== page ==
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The ovaries are a pair of female reproductive organs that are involved in the production of gametes “oogenesis” and the production of hormones “steroidogenesis” to mediate the oestrous cycle, preparation of the uterus for pregnancy and the preparation of the breast for lactation www.lab.anhb.uwa.edu.au/mb140/corepages/femaleRepro). The oestrous cycle is controlled by the release of the pituitary gonadotrophins, follicle stimulating hormone (FSH) and lutenising hormone (LH). The physiological responses of ovarian steroidogenesis, oogenesis, folliculargenesis, ovulation and lutenisation to the gonadotrophins are accomplished by the activation of greater than one hundred ovarian target genes (Hunzicker-Dunn et al 2006). These processes are dependant on the interplay between the steroid/gonadotrophin hormone signalling pathways and the peptide signalling pathways that cross talk and intercommunicate to induce these ovarian genes (Richards J S et al 2002) Two such critical pathways are the P13K pathway and the Ras/Raf/MEK/ERK cascade. FSH stimulates these pathways in a unique time dependant and synergistic manner (Campbell et al 1998) (Wayne et al 2007). Ras is a G protein known as Rat sarcoma homologue and a well known proliferative factor where oncogenic Ras is associated with approximately 20-30% of all human cancers (Bos 1989). Ras plays a key role in both pathways as it stimulated the Ras/Raf/MEK/ERK pathway directly and acts as a supportive activator of the P13K cascade (Wayne et al 2007). Ras works by transducing extracellular ligand mediated stimuli such as growth factors, cytokines and hormones that hit receptor tyrosine kinases (RTK’s), non receptor tyrosine kinases (NRTK’s) and G protein coupled receptors (GPCR’s) to mediate signal transduction that influences growth, differentiation and apoptosis. Ras serves as a binary molecular switch and its bioactivity is controlled by a regulated GDP/GTP cycle (Campbell SL et al 1998). IN this study the K-Ras isoform was engineered to be made constitutively active in the ovary. By introducing a glycine to aspartic acide mutation at residue 12 of the ras gene. Ras was locked in a constitutively active GTP state and thus the mutation deemed Ras to be insensitive to GTPase activating protein (GAP) stimulation. (Bourne et al 1990). A Lox-Stop-Lox K-ras conditional mouse strain capable of controlled timing and location of constitutively active Ras expression was utilised (Tuveson et al 2004) (Jackson et al 2001). The main objectives of this project were to study the effects of constitutively active Ras on ovarian cell function and morphology, to study the effects of constitutively active Ras on vital ovarian signalling genes Fshr, Lghcr and Mkp-3 and to study the effects of constitutively active Ras on p-ERK and p-PKB; protein intermediates of the Ras/Raf/MEK/ERK cascade and the P13K cascade respectively. These studies were conducted on LSL-K-ras G12D; Amhr2-Cre knock-in and LSL-K-ras G12D; Cyp19-Cre transgenic mouse models. Results showed that engineering Ras to be constitutively active causes an ovulatory malfunction. Possible reasons include the formation of tumour like follicles, follicles with odd shaped oocytes and abnormal protein and mRNA expression, reduced oocyte number, down regulation of donadotrophin receptors and or the up regulation of th Mkp-3 gene a phosphatise and newly suspected negative control component of the Ras/Raf/MEK/ERK pathway. Control of the P13K cascade is critical to maintaining the proliferative and cell survival balance. PTEN is a negative regulator involved in the control of the P13K pathway. Thus the secondary objectives of this study were to study the effect of a Pten conditional knock out on ovarian morphology and to study the effect of a Pten/K-ras double knock out on ovarian morphology using Pten flox/flox; Amhr2crel+ and Pten flox/flox; K-ras flox/+ Amhrs2 crel+ mouse models respectively. Conditional Pten know out morphology studies demonstrated a luteal cell pre tumour phenotype and the K-Ras/Pten double knock out studies presented with thecal cell thickening suggesting that both the Pten and K-ras gene products work together to augment signalling control and uphold a normal ovarian physiology.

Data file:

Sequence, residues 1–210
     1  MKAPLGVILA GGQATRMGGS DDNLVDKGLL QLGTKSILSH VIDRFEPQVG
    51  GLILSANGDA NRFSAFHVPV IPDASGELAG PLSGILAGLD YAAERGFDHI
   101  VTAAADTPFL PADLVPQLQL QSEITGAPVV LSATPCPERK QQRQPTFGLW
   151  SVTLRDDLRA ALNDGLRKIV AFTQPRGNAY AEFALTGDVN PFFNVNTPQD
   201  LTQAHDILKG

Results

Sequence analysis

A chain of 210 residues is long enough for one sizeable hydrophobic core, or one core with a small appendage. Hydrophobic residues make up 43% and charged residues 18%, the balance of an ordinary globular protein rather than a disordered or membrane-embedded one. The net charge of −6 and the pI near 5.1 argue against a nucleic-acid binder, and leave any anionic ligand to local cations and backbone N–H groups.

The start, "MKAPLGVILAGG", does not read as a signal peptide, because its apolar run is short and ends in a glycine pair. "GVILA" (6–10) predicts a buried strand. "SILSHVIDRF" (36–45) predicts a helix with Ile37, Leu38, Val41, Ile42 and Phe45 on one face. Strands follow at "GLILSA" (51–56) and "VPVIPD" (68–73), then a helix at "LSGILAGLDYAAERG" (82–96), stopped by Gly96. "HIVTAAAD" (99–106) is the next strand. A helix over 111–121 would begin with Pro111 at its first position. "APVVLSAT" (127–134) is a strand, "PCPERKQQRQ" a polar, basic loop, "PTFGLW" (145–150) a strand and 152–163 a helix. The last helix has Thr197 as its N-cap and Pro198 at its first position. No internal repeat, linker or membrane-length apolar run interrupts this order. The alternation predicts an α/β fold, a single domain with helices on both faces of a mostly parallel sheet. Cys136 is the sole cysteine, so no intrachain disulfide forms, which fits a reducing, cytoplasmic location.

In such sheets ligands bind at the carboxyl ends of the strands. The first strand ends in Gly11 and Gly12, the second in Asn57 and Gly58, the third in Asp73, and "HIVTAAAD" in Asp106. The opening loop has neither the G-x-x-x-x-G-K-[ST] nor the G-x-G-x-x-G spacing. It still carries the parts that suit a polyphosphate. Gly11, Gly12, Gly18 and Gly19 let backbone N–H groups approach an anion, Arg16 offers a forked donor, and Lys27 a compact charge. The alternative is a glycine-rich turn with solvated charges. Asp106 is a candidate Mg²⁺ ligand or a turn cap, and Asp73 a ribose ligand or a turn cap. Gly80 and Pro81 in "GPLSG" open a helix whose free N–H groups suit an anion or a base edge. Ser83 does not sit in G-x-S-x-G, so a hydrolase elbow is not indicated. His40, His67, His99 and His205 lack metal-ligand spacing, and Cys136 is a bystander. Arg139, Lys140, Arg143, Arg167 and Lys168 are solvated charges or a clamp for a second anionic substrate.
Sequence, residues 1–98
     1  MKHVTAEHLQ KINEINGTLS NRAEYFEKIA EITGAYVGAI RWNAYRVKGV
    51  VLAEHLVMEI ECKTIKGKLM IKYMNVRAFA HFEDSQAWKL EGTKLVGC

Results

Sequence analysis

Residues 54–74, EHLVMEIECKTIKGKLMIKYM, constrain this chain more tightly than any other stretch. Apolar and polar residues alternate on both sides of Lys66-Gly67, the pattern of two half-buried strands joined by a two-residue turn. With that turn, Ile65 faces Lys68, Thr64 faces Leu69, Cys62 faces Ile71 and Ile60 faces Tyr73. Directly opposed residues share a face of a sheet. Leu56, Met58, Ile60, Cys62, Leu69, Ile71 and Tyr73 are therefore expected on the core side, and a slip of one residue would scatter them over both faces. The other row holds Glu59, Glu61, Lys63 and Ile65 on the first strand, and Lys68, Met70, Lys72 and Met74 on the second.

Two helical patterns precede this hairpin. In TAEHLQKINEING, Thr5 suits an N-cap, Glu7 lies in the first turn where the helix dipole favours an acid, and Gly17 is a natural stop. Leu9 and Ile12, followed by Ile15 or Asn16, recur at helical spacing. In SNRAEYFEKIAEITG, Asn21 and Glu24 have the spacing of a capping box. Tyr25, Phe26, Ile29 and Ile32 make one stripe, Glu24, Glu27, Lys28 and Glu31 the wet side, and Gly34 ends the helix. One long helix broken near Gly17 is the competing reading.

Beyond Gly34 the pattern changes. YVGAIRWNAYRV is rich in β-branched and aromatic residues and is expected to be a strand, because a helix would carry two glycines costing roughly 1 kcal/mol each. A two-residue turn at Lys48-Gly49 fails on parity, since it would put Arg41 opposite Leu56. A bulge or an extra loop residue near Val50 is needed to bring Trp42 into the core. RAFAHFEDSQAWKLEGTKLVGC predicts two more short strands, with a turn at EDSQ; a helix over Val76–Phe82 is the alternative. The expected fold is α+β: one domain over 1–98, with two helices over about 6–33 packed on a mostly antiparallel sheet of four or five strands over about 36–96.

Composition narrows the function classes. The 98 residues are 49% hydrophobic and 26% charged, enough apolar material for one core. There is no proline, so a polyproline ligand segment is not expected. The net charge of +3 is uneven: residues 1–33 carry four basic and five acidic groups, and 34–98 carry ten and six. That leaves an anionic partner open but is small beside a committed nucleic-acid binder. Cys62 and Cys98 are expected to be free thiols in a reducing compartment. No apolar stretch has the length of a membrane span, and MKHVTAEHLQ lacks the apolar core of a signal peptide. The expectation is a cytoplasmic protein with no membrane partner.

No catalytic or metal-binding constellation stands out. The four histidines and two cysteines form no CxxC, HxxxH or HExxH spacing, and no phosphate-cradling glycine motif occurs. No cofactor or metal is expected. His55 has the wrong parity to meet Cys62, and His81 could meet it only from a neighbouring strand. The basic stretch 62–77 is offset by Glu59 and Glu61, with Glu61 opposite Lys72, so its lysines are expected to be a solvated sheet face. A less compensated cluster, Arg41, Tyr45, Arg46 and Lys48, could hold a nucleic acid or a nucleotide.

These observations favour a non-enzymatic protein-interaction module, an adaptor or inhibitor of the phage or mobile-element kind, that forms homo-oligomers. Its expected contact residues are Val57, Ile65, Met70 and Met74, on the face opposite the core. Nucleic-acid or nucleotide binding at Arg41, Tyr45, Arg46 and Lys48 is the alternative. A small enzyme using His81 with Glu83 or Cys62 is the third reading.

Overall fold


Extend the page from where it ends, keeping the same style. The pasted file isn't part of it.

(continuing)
Cahill, N. (2008). Ovarian signalling: insights into the P13K/PKB/Foxo and the Ras/Raf/MEK/ERK pathways. Masters dissertation. Technological University Dublin. doi:10.21427/D7NS4J